Geographies of Ethnic Diversity and Inequalities (GEDI)

GEDI is a £1M research project funded by the Economic and Social Research Council (ESRC). GEDI examines, analyses, and explains the UK's changing ethnic geographies.

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The GEDI project is providing timely and impactful evidence on the ways in which ethnic diversity has grown, and the nature of the differing – and persistently unequal – neighbourhood experiences of people from different ethnic backgrounds.


GEDI is led from Queen's University Belfast, with a research team from institutions across the UK and USA, supported by our project partners and advisory group
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Explore some of the key insights and findings from our research on the UK's changing ethnic geographies

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We are passionate about ensuring that GEDI’s findings are accessible, open, and beneficial for a range of users

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Understanding the UK's changing ethnic geographies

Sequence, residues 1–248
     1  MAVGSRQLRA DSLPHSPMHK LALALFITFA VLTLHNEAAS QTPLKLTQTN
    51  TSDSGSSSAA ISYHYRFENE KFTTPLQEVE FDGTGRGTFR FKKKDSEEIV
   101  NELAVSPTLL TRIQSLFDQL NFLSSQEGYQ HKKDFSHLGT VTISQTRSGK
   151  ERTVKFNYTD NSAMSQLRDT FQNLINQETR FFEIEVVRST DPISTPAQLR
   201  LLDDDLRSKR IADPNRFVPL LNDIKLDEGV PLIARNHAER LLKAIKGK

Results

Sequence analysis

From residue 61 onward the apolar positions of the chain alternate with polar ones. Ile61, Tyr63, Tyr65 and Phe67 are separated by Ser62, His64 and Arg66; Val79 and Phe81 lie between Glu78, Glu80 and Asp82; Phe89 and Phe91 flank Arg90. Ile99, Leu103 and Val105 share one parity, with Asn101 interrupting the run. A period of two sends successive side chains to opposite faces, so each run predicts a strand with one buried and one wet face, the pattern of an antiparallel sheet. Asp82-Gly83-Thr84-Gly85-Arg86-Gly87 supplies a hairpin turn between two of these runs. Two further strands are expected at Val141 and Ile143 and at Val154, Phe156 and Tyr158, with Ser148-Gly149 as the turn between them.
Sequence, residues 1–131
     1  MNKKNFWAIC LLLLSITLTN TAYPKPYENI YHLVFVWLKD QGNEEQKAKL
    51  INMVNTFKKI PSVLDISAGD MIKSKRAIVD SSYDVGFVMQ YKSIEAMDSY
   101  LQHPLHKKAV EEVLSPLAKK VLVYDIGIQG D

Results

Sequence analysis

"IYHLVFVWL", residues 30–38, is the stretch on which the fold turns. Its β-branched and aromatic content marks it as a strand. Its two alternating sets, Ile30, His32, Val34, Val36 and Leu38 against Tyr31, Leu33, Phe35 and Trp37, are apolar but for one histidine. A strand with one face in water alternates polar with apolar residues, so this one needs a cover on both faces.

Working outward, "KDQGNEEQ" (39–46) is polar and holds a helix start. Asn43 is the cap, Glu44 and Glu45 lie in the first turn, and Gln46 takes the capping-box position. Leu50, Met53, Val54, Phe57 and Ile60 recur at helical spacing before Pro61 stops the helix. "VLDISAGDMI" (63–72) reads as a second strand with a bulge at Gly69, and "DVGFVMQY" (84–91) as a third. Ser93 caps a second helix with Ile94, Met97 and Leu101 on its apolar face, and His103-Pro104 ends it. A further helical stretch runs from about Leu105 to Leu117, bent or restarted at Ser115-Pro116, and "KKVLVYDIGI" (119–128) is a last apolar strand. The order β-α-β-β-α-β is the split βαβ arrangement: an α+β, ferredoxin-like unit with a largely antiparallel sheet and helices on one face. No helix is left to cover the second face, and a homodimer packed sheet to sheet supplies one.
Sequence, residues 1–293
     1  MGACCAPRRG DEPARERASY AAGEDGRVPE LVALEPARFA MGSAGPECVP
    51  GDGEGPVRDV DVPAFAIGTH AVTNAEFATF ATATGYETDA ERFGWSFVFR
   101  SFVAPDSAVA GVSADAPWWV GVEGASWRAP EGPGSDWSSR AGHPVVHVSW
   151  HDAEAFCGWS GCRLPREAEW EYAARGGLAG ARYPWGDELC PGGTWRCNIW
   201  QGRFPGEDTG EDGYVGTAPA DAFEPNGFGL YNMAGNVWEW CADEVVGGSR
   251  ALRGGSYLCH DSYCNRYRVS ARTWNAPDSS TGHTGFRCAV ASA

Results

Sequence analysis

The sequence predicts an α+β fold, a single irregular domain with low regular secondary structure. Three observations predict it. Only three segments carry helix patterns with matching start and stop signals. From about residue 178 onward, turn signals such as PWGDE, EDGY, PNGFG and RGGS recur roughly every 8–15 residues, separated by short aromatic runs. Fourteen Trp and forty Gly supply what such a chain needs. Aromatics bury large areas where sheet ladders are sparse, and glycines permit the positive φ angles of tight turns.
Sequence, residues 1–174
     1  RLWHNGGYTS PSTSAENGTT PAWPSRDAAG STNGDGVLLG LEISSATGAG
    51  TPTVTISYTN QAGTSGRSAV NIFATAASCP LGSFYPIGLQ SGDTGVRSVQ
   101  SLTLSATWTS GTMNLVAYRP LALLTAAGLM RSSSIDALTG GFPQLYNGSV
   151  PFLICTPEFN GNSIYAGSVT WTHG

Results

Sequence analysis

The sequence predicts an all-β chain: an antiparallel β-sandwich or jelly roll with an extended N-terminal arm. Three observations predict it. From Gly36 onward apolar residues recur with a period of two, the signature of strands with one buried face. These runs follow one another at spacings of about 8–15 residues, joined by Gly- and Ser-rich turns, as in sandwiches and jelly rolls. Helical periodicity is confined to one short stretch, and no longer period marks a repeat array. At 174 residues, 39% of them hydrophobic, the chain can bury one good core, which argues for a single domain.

The UK’s population, households and neighbourhoods are becoming increasingly ethnically and racially mixed and diverse. Alongside these demographic changes, the uneven impacts of, for example, the COVID-19 pandemic and austerity measures have shone a light on persistent ethnic and racial disadvantages, between people and across local areas.
Where, and why, are neighbourhoods becoming more ethnically diverse?
What are the processes that shape these local patterns?
Have ethnic inequalities widened, and what is the geography of disadvantage?
We are answering these, and related, questions through an innovative integration of previously disparate research strands on ethnic diversity, residential segregation, ethnic inequalities, and internal migration.
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We are proud to collaborate with our project partners, and are grateful for their support.

Royal Geographical Society with the Institute of British Geographers

Runnymede Trust

Briefing Papers

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